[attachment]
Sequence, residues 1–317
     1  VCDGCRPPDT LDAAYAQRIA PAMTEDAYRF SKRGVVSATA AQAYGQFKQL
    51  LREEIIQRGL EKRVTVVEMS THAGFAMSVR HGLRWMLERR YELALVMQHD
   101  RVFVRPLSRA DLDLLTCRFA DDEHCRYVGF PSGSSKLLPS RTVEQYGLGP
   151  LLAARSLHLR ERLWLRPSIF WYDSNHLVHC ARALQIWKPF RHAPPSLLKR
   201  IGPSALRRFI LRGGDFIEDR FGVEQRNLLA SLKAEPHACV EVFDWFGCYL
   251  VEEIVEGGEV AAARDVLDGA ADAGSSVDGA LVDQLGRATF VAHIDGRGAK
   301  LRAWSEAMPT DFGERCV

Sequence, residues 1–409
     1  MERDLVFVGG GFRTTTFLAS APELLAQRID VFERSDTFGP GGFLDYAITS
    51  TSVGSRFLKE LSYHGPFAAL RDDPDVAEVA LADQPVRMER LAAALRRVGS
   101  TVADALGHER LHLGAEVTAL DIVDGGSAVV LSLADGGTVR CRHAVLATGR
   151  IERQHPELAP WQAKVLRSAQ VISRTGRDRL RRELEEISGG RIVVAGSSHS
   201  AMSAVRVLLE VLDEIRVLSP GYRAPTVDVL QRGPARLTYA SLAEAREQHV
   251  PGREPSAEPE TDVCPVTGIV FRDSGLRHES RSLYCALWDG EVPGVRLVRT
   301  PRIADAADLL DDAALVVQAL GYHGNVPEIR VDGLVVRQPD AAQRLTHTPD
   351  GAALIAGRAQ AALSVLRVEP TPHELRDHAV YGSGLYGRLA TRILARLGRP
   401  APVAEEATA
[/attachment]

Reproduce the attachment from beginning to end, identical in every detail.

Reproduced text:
Sequence, residues 1–317
     1  VCDGCRPPDT LDAAYAQRIA PAMTEDAYRF SKRGVVSATA AQAYGQFKQL
    51  LREEIIQRGL EKRVTVVEMS THAGFAMSVR HGLRWMLERR YELALVMQHD
   101  RVFVRPLSRA DLDLLTCRFA DDEHCRYVGF PSGSSKLLPS RTVEQYGLGP
   151  LLAARSLHLR ERLWLRPSIF WYDSNHLVHC ARALQIWKPF RHAPPSLLKR
   201  IGPSALRRFI LRGGDFIEDR FGVEQRNLLA SLKAEPHACV EVFDWFGCYL
   251  VEEIVEGGEV AAARDVLDGA ADAGSSVDGA LVDQLGRATF VAHIDGRGAK
   301  LRAWSEAMPT DFGERCV

Sequence, residues 1–409
     1  MERDLVFVGG GFRTTTFLAS APELLAQRID VFERSDTFGP GGFLDYAITS
    51  TSVGSRFLKE LSYHGPFAAL RDDPDVAEVA LADQPVRMER LAAALRRVGS
   101  TVADALGHER LHLGAEVTAL DIVDGGSAVV LSLADGGTVR CRHAVLATGR
   151  IERQHPELAP WQAKVLRSAQ VISRTGRDRL RRELEEISGG RIVVAGSSHS
   201  AMSAVRVLLE VLDEIRVLSP GYRAPTVDVL QRGPARLTYA SLAEAREQHV
   251  PGREPSAEPE TDVCPVTGIV FRDSGLRHES RSLYCALWDG EVPGVRLVRT
   301  PRIADAADLL DDAALVVQAL GYHGNVPEIR VDGLVVRQPD AAQRLTHTPD
   351  GAALIAGRAQ AALSVLRVEP TPHELRDHAV YGSGLYGRLA TRILARLGRP
   401  APVAEEATA